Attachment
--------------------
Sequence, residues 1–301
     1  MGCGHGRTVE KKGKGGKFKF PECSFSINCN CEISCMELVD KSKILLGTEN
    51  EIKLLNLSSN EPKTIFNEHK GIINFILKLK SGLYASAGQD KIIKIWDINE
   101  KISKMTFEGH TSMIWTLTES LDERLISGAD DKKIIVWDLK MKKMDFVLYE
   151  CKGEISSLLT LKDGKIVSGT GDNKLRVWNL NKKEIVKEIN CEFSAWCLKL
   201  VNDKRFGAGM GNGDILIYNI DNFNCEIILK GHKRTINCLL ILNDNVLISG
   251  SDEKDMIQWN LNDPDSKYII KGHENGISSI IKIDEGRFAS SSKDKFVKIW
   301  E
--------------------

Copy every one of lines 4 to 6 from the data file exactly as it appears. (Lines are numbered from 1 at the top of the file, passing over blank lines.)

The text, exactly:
   101  KISKMTFEGH TSMIWTLTES LDERLISGAD DKKIIVWDLK MKKMDFVLYE
   151  CKGEISSLLT LKDGKIVSGT GDNKLRVWNL NKKEIVKEIN CEFSAWCLKL
   201  VNDKRFGAGM GNGDILIYNI DNFNCEIILK GHKRTINCLL ILNDNVLISG